Does The New Mercedes-Benz S-Class (W223) Interior Design Has Serious Problems?

Mercedes-Benz has finally revealed the interior design of the next-generation S-Class W223. Typically, the features you would see inside one S-Class model would be very similar ten years later on subsequent models, including safety technologies such as ESP and the pre-crash system. This time, Mercedes have broken the mould.

The brand is pushing the boundaries with its functionality, with touch-sensitive buttons or tiny touch screens included in its new model for the seat climate controls. The centre console of this S-Class is akin to the likes of the Audi A8, the Tesla Model S, and the Range Rover. There is a complete absence of physical buttons; now you control everything via a state-of-the-art touch screen. It is very much reminiscent of an iPad experience; however, it can be difficult to alter the aircon temperature, for example, whilst you are driving. The lack of real feedback of a physical button when using the touch screen is a concern, and this is a well-known issue.

The S-Class has taken the touch screen control to an entirely new dimension, with even the controls for seat temperature being controlled in this way! Heating and cooling controls for seats used to be psychical buttons. Notably, the Audi A8 still has these, which I consider to be the optimal experience. Now, if you wish to heat your seat, you have to look at the button area to see whether you are touching the correct one; otherwise, you can quickly cool down your seat on a cold winter drive!

Physical buttons allow us to gauge the pressure we apply to the button, and also how many times we have pressed it. These would be much more practical for users when in the motion of driving – something Mercedes have overlooked.

Regrettably, addiction to touch screens will increase the opportunity for a new type of accident. Until now, we haven’t experienced accidents due to driver distraction from touch screen controls, but this could be on the horizon with drivers of cars like this model having to overt their eyes from the road to manage the screen controls. Pre-crash technology systems may prevent such accidents, but there is no need to invent a new type of accident when the existing solutions work perfectly.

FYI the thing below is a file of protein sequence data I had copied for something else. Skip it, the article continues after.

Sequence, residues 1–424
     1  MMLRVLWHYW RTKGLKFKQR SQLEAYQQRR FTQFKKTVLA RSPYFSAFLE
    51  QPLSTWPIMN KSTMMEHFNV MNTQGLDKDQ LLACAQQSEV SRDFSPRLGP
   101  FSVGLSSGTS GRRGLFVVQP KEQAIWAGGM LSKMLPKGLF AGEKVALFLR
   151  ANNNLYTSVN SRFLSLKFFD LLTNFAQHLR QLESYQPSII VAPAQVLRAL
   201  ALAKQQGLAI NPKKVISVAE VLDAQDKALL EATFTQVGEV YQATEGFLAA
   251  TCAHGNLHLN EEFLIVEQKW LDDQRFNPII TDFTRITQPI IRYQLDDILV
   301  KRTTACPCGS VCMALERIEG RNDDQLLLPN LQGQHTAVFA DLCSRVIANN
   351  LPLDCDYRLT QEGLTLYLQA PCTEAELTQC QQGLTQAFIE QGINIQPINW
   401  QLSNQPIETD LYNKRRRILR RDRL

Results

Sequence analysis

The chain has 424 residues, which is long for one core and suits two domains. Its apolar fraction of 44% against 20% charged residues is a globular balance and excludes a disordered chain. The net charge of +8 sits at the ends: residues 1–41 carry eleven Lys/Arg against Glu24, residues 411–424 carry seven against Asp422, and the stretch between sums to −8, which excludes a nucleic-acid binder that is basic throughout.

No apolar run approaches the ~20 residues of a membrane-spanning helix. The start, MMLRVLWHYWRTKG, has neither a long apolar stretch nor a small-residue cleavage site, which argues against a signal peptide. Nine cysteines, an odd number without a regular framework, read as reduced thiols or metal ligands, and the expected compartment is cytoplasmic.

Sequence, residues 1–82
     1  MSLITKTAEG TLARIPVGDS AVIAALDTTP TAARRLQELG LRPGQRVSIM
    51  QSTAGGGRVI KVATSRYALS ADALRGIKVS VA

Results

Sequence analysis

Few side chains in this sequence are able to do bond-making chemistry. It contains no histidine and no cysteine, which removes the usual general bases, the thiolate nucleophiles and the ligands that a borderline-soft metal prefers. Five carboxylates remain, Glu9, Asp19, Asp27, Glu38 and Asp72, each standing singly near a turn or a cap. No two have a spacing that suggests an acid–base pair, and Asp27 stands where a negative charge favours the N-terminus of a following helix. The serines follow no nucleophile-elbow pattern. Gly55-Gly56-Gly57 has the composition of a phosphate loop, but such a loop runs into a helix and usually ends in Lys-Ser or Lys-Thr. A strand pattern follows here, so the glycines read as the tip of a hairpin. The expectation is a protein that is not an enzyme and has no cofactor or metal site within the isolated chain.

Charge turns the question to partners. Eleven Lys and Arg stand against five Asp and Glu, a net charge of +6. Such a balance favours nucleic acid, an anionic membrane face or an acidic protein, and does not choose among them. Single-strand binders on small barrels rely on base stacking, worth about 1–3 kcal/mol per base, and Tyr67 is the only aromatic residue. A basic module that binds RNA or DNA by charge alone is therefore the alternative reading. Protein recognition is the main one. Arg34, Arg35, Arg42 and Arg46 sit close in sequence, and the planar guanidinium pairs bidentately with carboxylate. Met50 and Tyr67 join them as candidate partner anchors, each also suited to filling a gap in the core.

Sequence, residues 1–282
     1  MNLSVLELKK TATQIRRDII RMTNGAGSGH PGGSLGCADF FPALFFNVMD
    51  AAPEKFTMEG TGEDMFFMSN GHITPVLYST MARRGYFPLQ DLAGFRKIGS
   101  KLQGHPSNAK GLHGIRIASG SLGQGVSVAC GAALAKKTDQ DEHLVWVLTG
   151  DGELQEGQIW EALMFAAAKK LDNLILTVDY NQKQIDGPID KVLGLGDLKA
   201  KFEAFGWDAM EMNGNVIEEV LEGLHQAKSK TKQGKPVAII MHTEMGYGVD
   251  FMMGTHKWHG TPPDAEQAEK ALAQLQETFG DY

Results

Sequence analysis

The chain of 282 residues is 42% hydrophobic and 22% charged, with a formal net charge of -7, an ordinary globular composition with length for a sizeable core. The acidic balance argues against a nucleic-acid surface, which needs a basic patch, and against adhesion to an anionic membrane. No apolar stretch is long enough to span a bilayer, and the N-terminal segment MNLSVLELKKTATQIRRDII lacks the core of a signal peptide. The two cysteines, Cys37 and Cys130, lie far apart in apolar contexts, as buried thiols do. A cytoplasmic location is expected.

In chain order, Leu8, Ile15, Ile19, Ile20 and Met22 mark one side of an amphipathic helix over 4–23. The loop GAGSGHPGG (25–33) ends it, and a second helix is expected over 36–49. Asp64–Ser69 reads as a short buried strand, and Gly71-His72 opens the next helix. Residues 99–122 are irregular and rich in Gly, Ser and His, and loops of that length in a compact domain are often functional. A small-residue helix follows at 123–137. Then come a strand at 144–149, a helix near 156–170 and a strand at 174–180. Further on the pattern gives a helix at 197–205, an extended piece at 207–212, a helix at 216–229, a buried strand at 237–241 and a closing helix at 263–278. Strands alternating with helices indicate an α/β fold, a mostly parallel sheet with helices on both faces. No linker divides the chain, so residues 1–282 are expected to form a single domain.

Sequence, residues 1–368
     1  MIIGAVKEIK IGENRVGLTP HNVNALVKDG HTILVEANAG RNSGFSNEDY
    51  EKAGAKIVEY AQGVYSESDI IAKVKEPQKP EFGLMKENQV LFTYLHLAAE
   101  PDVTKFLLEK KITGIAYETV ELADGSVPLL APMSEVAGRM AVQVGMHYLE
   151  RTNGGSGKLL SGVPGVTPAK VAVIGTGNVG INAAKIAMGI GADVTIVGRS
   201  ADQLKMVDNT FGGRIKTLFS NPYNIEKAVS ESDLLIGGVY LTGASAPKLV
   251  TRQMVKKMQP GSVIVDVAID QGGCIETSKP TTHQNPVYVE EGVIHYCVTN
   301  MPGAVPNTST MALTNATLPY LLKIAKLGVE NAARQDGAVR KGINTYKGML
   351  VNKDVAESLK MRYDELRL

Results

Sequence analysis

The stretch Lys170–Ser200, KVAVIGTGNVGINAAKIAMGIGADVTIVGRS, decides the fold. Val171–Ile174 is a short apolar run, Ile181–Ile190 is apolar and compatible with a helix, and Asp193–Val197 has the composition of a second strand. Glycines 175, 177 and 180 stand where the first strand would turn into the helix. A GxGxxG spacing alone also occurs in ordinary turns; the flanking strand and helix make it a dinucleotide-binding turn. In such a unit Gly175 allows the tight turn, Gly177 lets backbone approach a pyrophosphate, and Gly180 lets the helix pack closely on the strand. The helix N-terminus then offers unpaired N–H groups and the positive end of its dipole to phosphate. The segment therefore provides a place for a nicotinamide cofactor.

Images // Daimler AG


Mercedes-Benz New MBUX Technical Details

Mercedes-Benz recently revealed their next-generation user interface system for the upcoming S-Class. I didn’t have a chance to try the system, so my assumptions are based upon what I have observed from press releases and others’ experience.

Since the Tesla Model S was launched, there has been a trend to remove all buttons from the dashboard, instead of replacing all controls via a touchscreen glass panel. On paper, it is a great way of minimising the clutter of buttons on the dashboard, whilst upholding a current on-trend aesthetic that is technologically savvy. Undeniably, it also looks great from a design perspective; who doesn’t admire Bauhaus (form follows function)?

By removing all necessary physical buttons and replacing them with a touch screen also created a new source for vehicle accidents; I crashed while I was trying to adjust the climate control temperature.

This problem is ousted by Mercedes-Benz’s voice-activated technology. The system assumes that people will say something and the car will simply understand; wishful thinking? There are so many accent and sentence structures, it is extremely challenging for a computer to understand what we want. You can also control everything from the interior buttons and knobs whilst driving, therefore it is very easy and safe.

Of course, Mercedes-Benz didn’t simply release a funky user interface. They introduced probably the best navigation system launched yet. By implementing augmented reality into the front screen, the navigation system will show arrows and provide direction directly from the windscreen, placing them at the correct points, instead of telling you ‘turn right after 200 meters’.

I loved the augmented reality navigation system and, likely, other manufacturers and brands will soon follow suit. Admittedly, though, I am not in favour of buttonless dashboards. These will only act to increase accidents and distract people. In fact, I wouldn’t be surprised if operating a touch screen dashboard is a violation of traffic law. Yes, we need touch screens but not for everything. A hybrid approach would be more optimal than a smartphone approach. What is essentially copying and pasting a smartphone experience into a 2-tone metal object that can travel up to 250 km/h is not the way to move forward.

Here is the technical details of the MBUX (next generation S-Class W223):
Display: 1888 x 1728 resolution, 12.8-inch and 200-ppi (pixel-per-inch) (Apple iPhone 11 Pro Max: 458-ppi)
Storage: 320 GB SSD
Memory: 16 GB RAM with 41,790 MB/sec (bandwidth)
Over-the-air updates

Images // Daimler AG